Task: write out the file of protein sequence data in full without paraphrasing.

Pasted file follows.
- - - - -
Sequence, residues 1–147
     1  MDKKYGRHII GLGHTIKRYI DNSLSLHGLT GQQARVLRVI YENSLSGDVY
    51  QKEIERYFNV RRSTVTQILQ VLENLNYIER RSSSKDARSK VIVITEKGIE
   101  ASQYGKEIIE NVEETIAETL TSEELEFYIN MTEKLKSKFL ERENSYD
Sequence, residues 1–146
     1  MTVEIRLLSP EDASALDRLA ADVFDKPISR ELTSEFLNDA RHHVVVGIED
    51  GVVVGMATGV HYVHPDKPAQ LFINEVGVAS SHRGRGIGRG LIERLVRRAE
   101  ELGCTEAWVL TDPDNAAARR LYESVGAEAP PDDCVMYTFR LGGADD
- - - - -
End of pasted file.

Sequence, residues 1–147
     1  MDKKYGRHII GLGHTIKRYI DNSLSLHGLT GQQARVLRVI YENSLSGDVY
    51  QKEIERYFNV RRSTVTQILQ VLENLNYIER RSSSKDARSK VIVITEKGIE
   101  ASQYGKEIIE NVEETIAETL TSEELEFYIN MTEKLKSKFL ERENSYD
Sequence, residues 1–146
     1  MTVEIRLLSP EDASALDRLA ADVFDKPISR ELTSEFLNDA RHHVVVGIED
    51  GVVVGMATGV HYVHPDKPAQ LFINEVGVAS SHRGRGIGRG LIERLVRRAE
   101  ELGCTEAWVL TDPDNAAARR LYESVGAEAP PDDCVMYTFR LGGADD